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Letters to the Editor

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Let us know what you’ve been up to since you graduated. We might even publish your letter in the next online or print edition. Complete the form at the bottom of this page to submit your own letter to the editor.

  • Philanthropy is More Than Giving

    As a member of the WCU Foundation Board, I have had the privilege to see how philanthropy can create a transformational impact on Western’s faculty, staff, and students. What is incredible, though, is the effect giving can have on the giver, as much as on the places to which we give. 

    Philanthropy’s impact goes deeper than just a dollar amount. I have seen alumni invest their time, meeting with faculty and staff to understand the needs and aspirations of academic departments. I have seen and heard of Western alumni investing their talents – speaking to classes and mentoring students. Through their treasures, they have given funds to establish endowed scholarships that will benefit generations of Mountaineers.

    In all of these interactions, I’ve seen alumni, parents, and friends develop deeper relationships within our Western community that have enriched their lives and experiences while creating meaningful opportunities and building Western’s capacity for research and innovation.

    The Elevate Western Campaign is an exciting opportunity for our Western Family to come together in support of WCU’s ambitious goals to strengthen the University and grow the academic enterprise to better meet the needs and ambitions of our students. Our $80 million goal is bold, and it is amazing to see that more than 6,000 people have given to support this exciting campaign so far.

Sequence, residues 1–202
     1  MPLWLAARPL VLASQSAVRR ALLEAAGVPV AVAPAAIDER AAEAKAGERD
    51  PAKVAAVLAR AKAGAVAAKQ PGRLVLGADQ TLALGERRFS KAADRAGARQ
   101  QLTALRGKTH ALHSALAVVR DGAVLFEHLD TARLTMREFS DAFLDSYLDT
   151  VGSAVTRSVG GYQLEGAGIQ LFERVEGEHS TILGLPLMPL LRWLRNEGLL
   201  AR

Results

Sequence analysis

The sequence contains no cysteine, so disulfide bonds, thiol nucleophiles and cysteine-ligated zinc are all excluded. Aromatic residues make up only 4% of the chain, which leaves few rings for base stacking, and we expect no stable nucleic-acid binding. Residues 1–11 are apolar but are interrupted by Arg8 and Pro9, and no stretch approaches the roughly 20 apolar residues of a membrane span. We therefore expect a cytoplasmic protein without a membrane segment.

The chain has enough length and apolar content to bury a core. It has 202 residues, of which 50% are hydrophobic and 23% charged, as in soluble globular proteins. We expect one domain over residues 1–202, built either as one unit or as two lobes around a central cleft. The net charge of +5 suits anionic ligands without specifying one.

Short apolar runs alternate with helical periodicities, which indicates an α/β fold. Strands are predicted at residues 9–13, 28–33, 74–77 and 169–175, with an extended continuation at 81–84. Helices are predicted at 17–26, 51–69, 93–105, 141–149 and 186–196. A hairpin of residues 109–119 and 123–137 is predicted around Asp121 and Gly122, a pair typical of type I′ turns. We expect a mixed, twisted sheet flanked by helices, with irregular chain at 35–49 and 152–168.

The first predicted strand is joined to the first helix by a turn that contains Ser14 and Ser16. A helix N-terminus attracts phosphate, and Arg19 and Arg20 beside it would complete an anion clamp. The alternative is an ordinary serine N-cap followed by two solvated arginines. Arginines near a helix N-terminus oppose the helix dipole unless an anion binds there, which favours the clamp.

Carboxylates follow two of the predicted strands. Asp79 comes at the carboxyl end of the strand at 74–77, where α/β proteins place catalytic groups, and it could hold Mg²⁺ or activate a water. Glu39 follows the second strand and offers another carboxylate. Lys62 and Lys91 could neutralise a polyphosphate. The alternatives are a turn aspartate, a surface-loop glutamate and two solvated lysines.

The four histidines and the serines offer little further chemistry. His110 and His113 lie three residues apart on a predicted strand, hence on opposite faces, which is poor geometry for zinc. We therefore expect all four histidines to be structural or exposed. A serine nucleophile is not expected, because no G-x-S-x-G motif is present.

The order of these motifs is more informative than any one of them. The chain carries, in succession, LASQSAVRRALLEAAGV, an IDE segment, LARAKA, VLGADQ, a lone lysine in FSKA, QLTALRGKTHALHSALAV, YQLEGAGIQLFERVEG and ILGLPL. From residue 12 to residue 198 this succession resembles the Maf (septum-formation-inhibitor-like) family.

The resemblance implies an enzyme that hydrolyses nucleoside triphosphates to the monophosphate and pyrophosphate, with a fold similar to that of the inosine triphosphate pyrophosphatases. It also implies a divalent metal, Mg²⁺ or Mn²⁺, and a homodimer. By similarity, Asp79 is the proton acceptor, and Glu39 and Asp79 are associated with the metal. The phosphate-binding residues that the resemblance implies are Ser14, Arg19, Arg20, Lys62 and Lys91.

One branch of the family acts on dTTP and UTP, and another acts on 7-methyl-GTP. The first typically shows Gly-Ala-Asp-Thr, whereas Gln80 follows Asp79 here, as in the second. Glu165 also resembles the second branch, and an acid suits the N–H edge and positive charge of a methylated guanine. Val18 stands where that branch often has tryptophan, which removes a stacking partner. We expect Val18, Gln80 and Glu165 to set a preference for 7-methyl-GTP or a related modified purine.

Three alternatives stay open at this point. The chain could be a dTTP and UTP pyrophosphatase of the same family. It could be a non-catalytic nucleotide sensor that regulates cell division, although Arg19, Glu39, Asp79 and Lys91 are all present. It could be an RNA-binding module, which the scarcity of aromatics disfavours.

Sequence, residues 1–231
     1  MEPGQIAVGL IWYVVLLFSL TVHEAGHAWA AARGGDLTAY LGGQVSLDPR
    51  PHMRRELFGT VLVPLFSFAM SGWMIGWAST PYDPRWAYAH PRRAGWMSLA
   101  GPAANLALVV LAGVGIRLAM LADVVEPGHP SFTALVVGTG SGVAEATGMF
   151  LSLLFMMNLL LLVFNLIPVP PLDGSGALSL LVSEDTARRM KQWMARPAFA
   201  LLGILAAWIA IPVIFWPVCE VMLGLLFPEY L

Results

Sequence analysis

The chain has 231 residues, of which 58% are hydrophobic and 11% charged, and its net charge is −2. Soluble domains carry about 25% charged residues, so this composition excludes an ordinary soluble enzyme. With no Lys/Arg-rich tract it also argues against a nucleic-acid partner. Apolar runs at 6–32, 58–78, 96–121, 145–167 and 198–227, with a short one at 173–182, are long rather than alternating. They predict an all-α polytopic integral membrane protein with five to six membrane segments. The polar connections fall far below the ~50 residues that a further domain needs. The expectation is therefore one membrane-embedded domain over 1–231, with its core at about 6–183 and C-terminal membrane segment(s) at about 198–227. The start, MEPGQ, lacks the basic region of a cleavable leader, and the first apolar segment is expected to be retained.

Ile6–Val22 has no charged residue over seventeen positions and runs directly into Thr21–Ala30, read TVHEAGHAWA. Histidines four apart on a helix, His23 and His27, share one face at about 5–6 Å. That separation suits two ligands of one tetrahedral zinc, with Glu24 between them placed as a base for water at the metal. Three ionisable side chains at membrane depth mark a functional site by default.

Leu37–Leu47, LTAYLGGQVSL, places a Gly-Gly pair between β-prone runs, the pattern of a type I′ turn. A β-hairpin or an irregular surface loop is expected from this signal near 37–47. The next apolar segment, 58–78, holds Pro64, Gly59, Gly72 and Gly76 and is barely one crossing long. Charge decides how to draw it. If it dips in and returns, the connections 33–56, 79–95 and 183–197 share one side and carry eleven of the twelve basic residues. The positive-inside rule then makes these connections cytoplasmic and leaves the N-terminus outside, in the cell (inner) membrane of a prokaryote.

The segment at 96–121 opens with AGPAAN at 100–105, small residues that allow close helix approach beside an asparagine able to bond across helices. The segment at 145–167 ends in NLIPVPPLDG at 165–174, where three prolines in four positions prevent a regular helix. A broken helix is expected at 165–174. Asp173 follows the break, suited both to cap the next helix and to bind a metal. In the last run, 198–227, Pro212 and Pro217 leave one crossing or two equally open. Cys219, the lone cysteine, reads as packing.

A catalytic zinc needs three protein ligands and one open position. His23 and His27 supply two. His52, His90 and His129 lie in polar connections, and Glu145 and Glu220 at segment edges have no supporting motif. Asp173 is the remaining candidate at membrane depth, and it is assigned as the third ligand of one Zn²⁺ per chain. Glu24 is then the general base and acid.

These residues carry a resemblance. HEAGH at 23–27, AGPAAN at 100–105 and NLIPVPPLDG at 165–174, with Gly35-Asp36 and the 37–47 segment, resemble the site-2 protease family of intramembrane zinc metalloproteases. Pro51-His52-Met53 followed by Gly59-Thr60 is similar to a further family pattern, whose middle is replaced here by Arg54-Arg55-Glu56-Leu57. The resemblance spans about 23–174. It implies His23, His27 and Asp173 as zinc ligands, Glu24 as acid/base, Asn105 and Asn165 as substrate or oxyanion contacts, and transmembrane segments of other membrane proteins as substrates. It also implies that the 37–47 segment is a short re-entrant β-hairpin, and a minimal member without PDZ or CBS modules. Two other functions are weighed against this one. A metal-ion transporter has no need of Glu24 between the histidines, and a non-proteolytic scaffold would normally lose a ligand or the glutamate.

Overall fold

We will only reach this goal if everyone gives, as they can. These gifts join together and create incredible impact, and they will serve to knit us together, creating a stronger community that is invested in WCU’s success. That’s truly a brighter future for our Mountaineers, and I am excited to see what goals we will meet – and surpass—as we come together.

    Ryan Liles

  • My Western Story

    In the summer of 1970, I enrolled at Western State College after the prodding of a high school buddy.  Western was well known to be a teacher’s college and I wanted to become a teacher and coach.  September rolled in and six of my classmates and I formed a convoy of four cars heading north out of Durango to Gunnison.  

    I checked into Chipeta  Hall for my freshman year. Of course I was nervous about the rigors of college academia. As I began to settle into the classes and daily routine; I reached out with a visit to Dr. Ernie Deguitus’, the track and cross-country coach.  After our visit, I felt that I could make a contribution to the track program. I trained with the ski team that fall and joined the track team in January. The upper classmen were receptive to another runner joining the small tightknit group. 

    My sophomore year I continued to run on the track team and work at Escalante Cafeteria to supplement my savings. With my savings exhausted, I needed to find a way to pay for my education. Numerous Veterans were attending Western due to the Vietnam War. I would talk with them; they were leading a comfortable life using their G.I. Bill to complete their studies. Although the war continued to drag on, I felt the risk of military service with the benefits of the G.I. Bill were worth the pause in my education.    

    To beat the military draft; I enlisted in the Army in August 1972. After my enlistment, I returned to Western State College in the fall of 1976. I was now one of those Veterans that had swagger and worldly experiences to back it up, with my G.I. benefits secured to help me reach my goal.   

     My junior year I ran for Coach Vandenbusche and continued to pursue my education. I jumped right back into the college atmosphere at Western. Some professors remembered me from my earlier semesters.